Lyre and Crwth

Lyres are known from archaeological remains and works of art from ancient Mesopotamia and Egypt and are still in use today after some 5,000 years. The lyre illustrated at the top of the opposite page is a copy of one found in a Frankish grave of around 700 A.D. and represents the North European lyre. Similar lyres were used in Britain until the 12th century or so. Lyres were the only important stringed instruments in Britain and indeed North Western Europe until the advent of the triangular harp at around the 8th century. The bow was applied to stringed instruments in Britain at around the 11th century. A 6th century British poet, like Aneirin, probably accompanied himself on the lyre. Venantius Fortunatus, Aneirin’s continental contemporary, wrote these lines in an elegy.

Romanusque lyra plaudat tibi, Graecus achilliaca,
Barbarus harpa, chrotta Britanna canat.

The Roman praises thee on the lyra, The Greek on the Achillean [lyre],The Barbarian [German] on the harpa, Britons sing [of thee] with the chrotta.

The word chrotta is probably related the word crwth but refers to a plucked, or more probably, strummed lyre. Six-stringed lyres are known from archaeological finds from the period and five and six-stringed lyres are illustrated in manuscripts of the 8th and 9th centuries. In his De harmonica institutione, Hucbald of St. Amand (840-930) gives a lyre-tuning which, in modern note-names, would read, CDEFGA, and the two poems from Llyfr Aneirin (Disc I, Track 12. and 13.) are accompanied using this tuning. It is likely that other tunings were also used at that time, ancestors of the cyweiriau used in cerdd dant. This particular kind of lyre is shaped so that the left hand may be firmly wedged into the narrowest part of the frame, making a strap unnecessary. The right hand strums some or all the strings with a plectrum while the fingers and thumb of the left hand hold the strings, releasing them when they are required to speak clearly. If the strings are strummed while the fingers are resting on them they give a sharp, percussive sound.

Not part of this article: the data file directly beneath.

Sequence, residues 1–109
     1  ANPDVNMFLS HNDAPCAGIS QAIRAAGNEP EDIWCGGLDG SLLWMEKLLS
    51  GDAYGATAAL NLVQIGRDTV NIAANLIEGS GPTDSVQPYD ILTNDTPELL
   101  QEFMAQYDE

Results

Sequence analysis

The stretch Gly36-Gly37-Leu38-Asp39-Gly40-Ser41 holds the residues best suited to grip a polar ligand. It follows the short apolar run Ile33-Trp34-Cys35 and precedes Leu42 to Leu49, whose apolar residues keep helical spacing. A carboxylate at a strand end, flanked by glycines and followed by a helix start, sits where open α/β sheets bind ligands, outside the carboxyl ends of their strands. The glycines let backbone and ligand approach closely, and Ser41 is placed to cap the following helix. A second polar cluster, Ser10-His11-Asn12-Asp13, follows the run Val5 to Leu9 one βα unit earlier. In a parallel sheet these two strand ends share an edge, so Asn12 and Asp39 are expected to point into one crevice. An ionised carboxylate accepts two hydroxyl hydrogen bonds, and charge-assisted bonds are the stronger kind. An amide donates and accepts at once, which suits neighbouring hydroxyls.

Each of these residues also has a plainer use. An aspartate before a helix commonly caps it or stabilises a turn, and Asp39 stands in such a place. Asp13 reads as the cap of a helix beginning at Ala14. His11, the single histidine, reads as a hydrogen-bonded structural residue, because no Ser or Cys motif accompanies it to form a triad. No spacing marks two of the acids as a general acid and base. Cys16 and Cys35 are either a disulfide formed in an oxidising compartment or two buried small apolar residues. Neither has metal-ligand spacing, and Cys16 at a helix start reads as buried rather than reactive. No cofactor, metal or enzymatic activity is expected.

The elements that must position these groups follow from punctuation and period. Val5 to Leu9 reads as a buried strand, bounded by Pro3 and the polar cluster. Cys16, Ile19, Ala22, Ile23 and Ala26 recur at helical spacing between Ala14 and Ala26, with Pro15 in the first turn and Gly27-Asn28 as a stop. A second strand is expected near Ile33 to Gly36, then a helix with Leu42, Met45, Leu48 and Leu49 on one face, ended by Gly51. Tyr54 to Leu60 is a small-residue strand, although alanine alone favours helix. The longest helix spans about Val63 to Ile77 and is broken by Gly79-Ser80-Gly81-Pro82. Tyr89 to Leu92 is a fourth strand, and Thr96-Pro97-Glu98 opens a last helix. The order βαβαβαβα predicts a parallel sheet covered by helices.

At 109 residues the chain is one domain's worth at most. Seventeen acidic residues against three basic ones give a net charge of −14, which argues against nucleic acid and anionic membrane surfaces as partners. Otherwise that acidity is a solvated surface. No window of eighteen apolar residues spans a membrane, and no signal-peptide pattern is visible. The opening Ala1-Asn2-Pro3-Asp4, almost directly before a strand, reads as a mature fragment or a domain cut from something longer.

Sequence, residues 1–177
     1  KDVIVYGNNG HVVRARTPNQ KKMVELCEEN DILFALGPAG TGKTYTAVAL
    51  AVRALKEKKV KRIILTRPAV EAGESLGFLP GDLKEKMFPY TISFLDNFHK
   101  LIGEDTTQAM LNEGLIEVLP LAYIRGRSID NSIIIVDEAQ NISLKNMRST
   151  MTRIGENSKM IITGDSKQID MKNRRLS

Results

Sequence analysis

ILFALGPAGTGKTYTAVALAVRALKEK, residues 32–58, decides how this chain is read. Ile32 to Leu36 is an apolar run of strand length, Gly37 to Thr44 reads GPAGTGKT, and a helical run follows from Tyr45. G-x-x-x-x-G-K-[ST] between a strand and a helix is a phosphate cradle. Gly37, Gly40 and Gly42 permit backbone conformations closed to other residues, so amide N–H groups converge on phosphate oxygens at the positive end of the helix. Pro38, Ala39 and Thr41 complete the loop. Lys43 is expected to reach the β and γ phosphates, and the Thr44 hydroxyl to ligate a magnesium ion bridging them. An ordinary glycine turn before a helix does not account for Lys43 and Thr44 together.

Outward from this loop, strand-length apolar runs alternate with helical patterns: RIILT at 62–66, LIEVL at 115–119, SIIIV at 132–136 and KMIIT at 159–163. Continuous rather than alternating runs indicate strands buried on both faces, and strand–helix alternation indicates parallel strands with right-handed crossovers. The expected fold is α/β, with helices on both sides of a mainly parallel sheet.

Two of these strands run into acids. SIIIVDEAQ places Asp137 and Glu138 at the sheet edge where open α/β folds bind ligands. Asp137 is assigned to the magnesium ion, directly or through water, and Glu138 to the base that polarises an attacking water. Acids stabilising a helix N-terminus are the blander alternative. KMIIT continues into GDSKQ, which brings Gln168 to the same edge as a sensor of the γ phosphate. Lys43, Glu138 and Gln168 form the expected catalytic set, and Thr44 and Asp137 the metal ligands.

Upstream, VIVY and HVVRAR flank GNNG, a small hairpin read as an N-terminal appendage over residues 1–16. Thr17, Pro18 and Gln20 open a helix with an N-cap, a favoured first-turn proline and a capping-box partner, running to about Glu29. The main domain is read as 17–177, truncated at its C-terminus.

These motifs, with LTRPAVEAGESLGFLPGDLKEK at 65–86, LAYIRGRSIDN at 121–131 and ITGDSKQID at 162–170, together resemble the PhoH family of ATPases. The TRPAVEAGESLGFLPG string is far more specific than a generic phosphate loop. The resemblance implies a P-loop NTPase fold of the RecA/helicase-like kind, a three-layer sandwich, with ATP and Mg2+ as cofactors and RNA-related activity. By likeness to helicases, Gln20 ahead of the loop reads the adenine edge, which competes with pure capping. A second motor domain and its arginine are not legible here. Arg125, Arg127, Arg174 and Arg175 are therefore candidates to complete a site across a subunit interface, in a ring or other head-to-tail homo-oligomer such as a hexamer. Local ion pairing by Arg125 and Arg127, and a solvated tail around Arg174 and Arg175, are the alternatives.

In the photograph, below the lyre, there are two crwths. The lyre is the ancestor of the crwth and they share a number of features: six strings which splay towards the yoke of the instrument, a tailpiece, a flat bridge (of amber in the lyre’s case), six tuning pins, a flat, hollowed-out body and the arms, which extend to reach the yoke, are hollowed out for lightness.

Unlike the lyre, the crwth has a finger-board bisecting the frame, sound-holes, and the strings, after passing over the nut are led down tunnels to re-appear at the back of the instrument. The lyre has a hardwood sound-board nailed to the body but the crwth‘s softwood sound-board is glued on. One leg of the crwth’s bridge is much longer than the other and reaches through a sound-hole to rest on the inside of the instrument’s back. It acts a little like a sound-post. The crwth has a strap which goes round the player’s neck, freeing the arms from the weight of the instrument. The crwth is planted firmly on the breast-bone to be played. Though the crwth is played with a bow, the strings may be plucked using the thumb and fingers and bowed simultaneously (Track 10.). The bow may be viewed as a new kind of plectrum.

Both crwths are copies of the Heyward Crwth, National Library of Wales, Aberystwyth, circa 1700. The lower crwth has an extra, purely symbolic tuning-pin, a feature described in a poem requesting a crwth.

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